And finally – here is a summery of the nudes

It can be exasperating watching television and relying on subtitles for explanation. When  you are hard of hearing, it is occasionally quite funny when words incorrectly captioned construe a totally different interpretation to the one the newswriter intentioned.   But, add it to all the other frustrations that the deaf and those suffering from loss of hearing shoulder and you realise how difficult it is for us to make sense of communication.

Sometimes, the subtitles trail so far behind that the task is abandoned and  the viewer left  with a tantalizing message such as ………      “as a result, Alice Meadows, a nurse from Bromwich will  not now be able to get……….”  Get what?  A job, half a dozen eggs,  her pension? Subtitles are useful; other things help too.

We know it is irritating for our hearing friends and family to have to repeat sentences constantly – even if you don’t actually tell us, we can see it written on your face.   And technological advancements have improved our lives no end. Audio devices and hearing aids, loop systems, agencies for the hard of hearing that devise aids and awareness to help us hear more clearly, are invaluable.  What a long way we have come from the unwieldy, crackling contraptions that our grandparents wore to help increase the volume.

For many of us, using a hearing aid will help. Up-to-date technology now offers us better clarification and sound quality.  For some, surgery will offer an improvement in hearing.  But there are limitations as well as benefits with most forms of help and learning lipreading skills can be such a help to us.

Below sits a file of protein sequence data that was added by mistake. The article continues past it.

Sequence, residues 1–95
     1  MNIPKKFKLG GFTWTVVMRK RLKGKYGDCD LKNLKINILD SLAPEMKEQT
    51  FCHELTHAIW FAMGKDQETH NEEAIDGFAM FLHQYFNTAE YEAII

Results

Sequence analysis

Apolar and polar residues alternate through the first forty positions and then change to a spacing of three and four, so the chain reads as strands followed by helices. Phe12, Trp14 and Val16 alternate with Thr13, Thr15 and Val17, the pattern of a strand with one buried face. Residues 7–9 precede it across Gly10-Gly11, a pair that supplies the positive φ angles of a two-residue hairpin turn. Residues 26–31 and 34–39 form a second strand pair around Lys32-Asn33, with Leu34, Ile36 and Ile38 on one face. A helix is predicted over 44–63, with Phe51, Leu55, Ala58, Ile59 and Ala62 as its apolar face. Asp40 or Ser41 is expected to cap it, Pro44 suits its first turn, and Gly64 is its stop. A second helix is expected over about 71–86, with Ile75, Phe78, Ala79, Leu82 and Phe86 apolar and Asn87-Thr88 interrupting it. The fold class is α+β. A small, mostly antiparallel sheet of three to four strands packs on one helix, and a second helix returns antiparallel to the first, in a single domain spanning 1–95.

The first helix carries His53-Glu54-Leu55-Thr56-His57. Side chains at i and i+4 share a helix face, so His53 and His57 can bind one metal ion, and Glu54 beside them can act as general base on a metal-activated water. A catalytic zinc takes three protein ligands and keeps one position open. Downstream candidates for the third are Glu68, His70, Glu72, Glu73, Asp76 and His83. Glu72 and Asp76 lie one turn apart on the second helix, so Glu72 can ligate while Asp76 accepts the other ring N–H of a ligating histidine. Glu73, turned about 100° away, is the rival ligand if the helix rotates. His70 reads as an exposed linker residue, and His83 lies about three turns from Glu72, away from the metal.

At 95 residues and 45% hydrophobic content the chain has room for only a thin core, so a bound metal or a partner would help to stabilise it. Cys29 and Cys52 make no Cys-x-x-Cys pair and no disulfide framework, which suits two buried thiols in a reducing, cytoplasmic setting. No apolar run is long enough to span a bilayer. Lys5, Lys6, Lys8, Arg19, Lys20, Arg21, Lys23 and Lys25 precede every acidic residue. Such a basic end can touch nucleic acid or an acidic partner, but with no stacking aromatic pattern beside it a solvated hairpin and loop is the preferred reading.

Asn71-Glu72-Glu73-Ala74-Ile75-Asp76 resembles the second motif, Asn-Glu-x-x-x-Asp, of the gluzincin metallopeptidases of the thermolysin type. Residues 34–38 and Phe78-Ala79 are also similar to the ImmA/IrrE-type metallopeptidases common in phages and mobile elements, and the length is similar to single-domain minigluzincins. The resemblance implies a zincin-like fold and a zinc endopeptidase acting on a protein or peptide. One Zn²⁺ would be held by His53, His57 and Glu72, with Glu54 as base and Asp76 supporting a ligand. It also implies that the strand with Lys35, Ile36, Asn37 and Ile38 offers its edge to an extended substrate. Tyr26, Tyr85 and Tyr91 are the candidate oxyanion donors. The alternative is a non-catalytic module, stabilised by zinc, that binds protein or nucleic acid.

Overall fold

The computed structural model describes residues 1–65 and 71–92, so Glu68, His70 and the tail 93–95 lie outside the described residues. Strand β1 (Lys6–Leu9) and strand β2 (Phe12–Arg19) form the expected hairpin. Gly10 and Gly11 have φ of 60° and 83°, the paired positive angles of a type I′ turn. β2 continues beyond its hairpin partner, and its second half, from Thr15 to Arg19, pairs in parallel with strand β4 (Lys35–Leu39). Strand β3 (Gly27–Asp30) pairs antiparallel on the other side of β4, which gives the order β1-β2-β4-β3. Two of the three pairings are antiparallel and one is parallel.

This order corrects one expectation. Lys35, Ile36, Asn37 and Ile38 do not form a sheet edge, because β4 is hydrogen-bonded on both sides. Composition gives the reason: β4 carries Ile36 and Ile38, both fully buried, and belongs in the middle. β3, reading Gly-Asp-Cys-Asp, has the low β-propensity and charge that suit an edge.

Lipreading is a technique to aid speech understanding by watching the movement of lips, face and tongue when their accompanying sound is not sufficiently loud or clear to hear. Contextual comprehension can further clarify what the speaker might be saying.  It takes time and patience to learn and the expertise of a good tutor to teach the skill.

But we desperately need more tutors to teach lipreading. Not just to us but to our friends and family as well – so we can all  communicate with each other more effectively.  Facing the listener when we speak, enunciating clearly, checking out whether the deaf person has understood.  It all sounds so serious but believe me, there is plenty of humour in the process too, particularly when mistakes are made.  One of the lighter features of lipreading classes is sharing some of the embarrassments and funny moments with others in the same position. It makes us feel less silly somehow about what we’ve misunderstood.

Yes, there are many disabilities more severe than deafness – we know that well.  Because many of us suffer from other illnesses and disabilities as well as coping with not being able to hear clearly.  We know what it is like to receive an unwelcome diagnosis without fully understanding it,  from a consultant who unwittingly delivers it in a muffled voice with his or her head averted.

So come on – a plea to you good folk out there.   There must be plenty of people with the potential to make good lipreading tutors.  People who care enough to help us communicate more productively with them and with each other.  We need you  – particularly we need you in the Leicestershire/Nottinghamshire area.

The Leslie Edwards Trust is offering the opportunity to train as a lipreading tutor by offering a professional qualification which involves a one-year distance learning course. The cost of course fees, travel and books will be covered by the Trust.

Tutors are freelance but paid the ATLA (Association of Teachers of Lipreading to Adults) recommended hourly rate, plus travel and expenses.

Being a tutor is a part-time occupation and generally involves teaching on average three two-hourly sessions weekly, based on a 30 week year.

If you would like to find out about this challenge, please contact

Thankyou for reading this.

Categories: Articles.